On April 12, 2010, SB 401, the Conformity Act of 2010 was enacted. The Act changes California’s conformity date to the Internal Revenue Code from January 1, 2005, to January 1, 2009, for taxable years beginning on or after January 1, 2010.
The following is a list of the most important areas of conformity provisions.
Extension of Exclusion of Income from Discharge of Qualified Principal Residence
The Act allows taxpayers that had all or part of the loan balance on their principal residence forgiven by their lender to exclude the forgiven debt from gross income. The new law applies to discharges of qualified principal residence indebtedness on or after January 1, 2009, and before January 1, 2013.
- The new law limits the amount of qualified principal residence indebtedness to $800,000 for taxpayers who file as married/registered domestic partners (RDP) filing jointly, single, head of household, or widow/widower, and to $400,000 for taxpayers who file as married/RDP filing separately.
- Limits debt relief to $500,000 for taxpayers who file as married/RDP filing jointly, single, head of household, or widow/widower, and to $250,000 for taxpayers who file as married/RDP filing separately.
Income Exclusion of Federal Energy Grants
Federal energy grants provided in lieu of federal energy credits are excluded from California gross income and alternative minimum taxable income of individuals and business. The income exclusion is retroactive and applies to any taxable year.
Allow Surviving Spouse to Exclude Gain from Sale of Residence
The new law allows a surviving spouse to exclude from gross income up to $500,000 of the gain from the sale or exchange of a principal residence owned jointly with a deceased spouse if the sale or exchange occurs within two years of the death of the spouse.
Increase in Age of Minor Children Whose Unearned Income is Taxed as if Parents’ Income
For taxable years beginning on or after January 1, 2010, California conforms to the provision in the Small Business and Work Opportunity Tax Act of 2007 that increased the age of minor children whose unearned income is taxed as if it were the parents’ income to apply to children who are either:
- Under age 18.
- Full-time students who over age 18, but under age 24.
Early Distributions Not Subject to Additional Tax
California now conforms to the exceptions from the penalty on early withdrawals from retirement plans for qualified distributions made after September 11, 2001, to reservists while serving on active duty for at least 179 days and for qualified distributions made after August 17, 2006, to public safety employees after separation from service after reaching age 50. If you received one or more of these distributions and were assessed a penalty you may amend your returns to claim a refund. If the normal statute of limitations for claiming a refund would otherwise prevent the allowance of a refund, you may still file a claim for refund by December 31, 2011.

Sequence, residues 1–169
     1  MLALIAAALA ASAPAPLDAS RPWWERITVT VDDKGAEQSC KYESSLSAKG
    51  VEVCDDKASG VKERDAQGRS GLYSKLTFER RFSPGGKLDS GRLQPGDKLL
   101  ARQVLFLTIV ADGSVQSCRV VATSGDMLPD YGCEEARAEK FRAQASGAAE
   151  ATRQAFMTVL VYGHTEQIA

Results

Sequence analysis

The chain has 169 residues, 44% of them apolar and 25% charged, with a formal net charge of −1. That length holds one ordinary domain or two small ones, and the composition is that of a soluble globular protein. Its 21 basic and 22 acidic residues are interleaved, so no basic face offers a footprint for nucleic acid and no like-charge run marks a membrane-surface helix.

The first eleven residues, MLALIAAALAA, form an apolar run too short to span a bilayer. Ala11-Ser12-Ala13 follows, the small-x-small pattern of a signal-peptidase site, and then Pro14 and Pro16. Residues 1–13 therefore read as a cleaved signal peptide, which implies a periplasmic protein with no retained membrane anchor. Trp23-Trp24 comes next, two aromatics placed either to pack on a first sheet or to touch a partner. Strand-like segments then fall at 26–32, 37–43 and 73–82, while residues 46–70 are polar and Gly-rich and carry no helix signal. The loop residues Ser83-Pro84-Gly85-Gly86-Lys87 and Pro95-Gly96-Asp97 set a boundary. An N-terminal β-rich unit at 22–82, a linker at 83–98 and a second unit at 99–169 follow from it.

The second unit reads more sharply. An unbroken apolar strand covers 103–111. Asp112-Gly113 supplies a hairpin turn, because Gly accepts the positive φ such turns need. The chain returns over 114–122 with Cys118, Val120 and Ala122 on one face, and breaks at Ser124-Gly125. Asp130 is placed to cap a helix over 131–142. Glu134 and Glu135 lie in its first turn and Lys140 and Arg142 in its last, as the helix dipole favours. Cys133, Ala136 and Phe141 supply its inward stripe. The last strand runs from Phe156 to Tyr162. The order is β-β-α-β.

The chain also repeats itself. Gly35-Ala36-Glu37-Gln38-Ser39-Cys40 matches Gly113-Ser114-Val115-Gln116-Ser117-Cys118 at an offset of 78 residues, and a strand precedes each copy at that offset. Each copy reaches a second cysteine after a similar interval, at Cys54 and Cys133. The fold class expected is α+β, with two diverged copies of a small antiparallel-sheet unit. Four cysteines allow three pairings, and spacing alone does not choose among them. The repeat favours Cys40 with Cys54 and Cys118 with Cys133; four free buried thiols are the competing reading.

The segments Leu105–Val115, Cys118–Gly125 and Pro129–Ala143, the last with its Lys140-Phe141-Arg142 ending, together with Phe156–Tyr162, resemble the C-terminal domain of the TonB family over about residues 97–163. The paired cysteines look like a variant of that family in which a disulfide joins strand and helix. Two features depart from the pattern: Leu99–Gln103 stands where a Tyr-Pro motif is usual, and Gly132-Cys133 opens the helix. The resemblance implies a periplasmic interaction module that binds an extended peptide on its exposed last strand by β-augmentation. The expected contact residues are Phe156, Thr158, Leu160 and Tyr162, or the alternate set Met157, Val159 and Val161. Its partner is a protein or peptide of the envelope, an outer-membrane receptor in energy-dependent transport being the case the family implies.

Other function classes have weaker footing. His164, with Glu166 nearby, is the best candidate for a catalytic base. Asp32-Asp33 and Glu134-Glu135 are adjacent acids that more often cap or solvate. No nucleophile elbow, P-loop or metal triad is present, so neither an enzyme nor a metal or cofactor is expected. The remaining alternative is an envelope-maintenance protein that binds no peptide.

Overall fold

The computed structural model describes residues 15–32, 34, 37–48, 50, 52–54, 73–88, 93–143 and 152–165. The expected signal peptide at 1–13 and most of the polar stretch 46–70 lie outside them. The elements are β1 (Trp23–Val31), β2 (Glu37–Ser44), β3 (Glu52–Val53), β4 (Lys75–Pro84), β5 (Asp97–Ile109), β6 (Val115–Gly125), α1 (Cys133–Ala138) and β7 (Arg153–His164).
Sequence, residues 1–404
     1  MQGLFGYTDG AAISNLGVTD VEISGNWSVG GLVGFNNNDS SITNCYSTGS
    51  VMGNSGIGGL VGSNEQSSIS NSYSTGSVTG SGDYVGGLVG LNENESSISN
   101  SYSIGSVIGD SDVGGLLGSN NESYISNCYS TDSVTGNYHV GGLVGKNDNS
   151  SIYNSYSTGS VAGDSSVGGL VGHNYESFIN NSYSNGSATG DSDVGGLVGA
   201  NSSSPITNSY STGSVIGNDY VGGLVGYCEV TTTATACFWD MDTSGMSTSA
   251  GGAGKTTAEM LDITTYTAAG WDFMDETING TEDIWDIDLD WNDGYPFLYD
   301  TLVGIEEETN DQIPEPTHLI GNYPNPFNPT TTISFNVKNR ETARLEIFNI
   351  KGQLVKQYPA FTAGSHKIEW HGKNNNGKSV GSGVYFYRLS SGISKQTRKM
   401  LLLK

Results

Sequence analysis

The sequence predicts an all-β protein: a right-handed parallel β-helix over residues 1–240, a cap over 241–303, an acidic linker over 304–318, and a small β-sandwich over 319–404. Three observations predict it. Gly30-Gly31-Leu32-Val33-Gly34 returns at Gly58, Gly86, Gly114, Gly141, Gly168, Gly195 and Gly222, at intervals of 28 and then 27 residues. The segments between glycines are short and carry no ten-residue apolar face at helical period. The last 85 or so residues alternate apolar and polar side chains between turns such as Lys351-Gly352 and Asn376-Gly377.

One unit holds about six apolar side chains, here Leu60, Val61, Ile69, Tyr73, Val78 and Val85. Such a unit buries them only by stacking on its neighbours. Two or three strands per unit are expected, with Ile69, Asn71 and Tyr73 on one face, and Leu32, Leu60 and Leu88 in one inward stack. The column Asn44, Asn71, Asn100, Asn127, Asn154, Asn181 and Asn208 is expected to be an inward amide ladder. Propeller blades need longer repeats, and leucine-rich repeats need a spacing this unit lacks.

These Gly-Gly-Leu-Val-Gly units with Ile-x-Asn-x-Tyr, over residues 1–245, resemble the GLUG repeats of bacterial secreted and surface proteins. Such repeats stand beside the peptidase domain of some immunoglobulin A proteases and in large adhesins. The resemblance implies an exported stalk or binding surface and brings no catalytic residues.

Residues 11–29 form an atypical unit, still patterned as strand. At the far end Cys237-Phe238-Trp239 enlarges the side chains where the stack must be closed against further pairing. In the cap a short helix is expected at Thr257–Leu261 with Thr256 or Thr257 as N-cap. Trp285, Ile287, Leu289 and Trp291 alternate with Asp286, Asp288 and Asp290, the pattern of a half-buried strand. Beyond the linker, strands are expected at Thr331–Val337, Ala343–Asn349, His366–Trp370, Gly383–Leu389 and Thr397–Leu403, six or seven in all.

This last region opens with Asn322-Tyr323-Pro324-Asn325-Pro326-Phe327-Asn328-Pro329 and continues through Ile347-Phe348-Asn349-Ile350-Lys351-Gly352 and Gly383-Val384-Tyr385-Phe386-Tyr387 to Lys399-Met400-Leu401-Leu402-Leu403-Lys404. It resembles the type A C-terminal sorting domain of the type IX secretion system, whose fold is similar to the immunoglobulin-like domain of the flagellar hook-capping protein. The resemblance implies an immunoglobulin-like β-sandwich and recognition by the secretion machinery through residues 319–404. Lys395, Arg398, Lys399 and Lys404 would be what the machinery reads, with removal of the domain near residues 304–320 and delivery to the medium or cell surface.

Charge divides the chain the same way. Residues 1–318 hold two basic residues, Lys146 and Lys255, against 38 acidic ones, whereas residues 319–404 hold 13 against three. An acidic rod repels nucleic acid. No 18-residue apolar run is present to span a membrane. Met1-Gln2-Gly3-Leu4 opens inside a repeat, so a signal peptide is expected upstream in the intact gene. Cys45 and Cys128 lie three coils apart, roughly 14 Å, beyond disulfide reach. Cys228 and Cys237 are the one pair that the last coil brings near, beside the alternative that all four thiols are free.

New Reporting Requirements for Small Tax-Exempt Organizations
Starting January 1, 2011, California requires small tax-exempt organizations with normal gross receipts of $25,000 or less, to electronically file an annual informational notice, FTB Form 199N, Annual Electronic Filing Requirement for Small Tax-Exempt Organizations (California e-postcard). This filing requirement applies to account periods beginning on or after January 1, 2010, and does not include churches and church-related organizations. The due date for filing Form FTB 199N is the 15th day of the 5th month after an organization’s tax year ends.
Impose a Penalty for Failure to File S Corporation Returns
For S corporation returns required to be filed on or after January 1, 2011, a failure to file penalty will be assessed in addition to the existing failure to file a timely return penalty. The amount of the penalty for each month, or part of a month (for a maximum of 12 months) that the failure continues, is $18 multiplied by the total number of shareholders in the S corporation during any part of the taxable year for which the return is due.
Increased Penalty for Failure to File Partnership or an LLC Returns
For returns required to be filed after January 1, 2011, the penalty for failure to file a partnership return or an LLC return is increased from $10 to $18 multiplied by the number of partners or members for each month (or fraction of the month) that the failure continues. Under the new law, the maximum number of months is changed from five months to 12 months.
Increase in Penalty for Bad Checks and Money Orders
For all payments received after January 1, 2011, we impose a penalty if your financial institution does not honor a payment you make to us by your check, money order, or electronic funds transfer. For a payment of $1,250 or more, the penalty is two percent of the payment amount. For a payment less than $1,250, the penalty is $25 or the payment amount, whichever is less.
Increase in Minimum Penalty on Failure to File a Tax Return
An individual or fiduciary that fails to file a tax return within 60 days of its due date (including extensions) is subject to a penalty of the lesser of $100 or 100 percent of the amount of tax required to be shown on the return. For taxable year beginning January 1, 2011, the penalty increases from $100 to $135.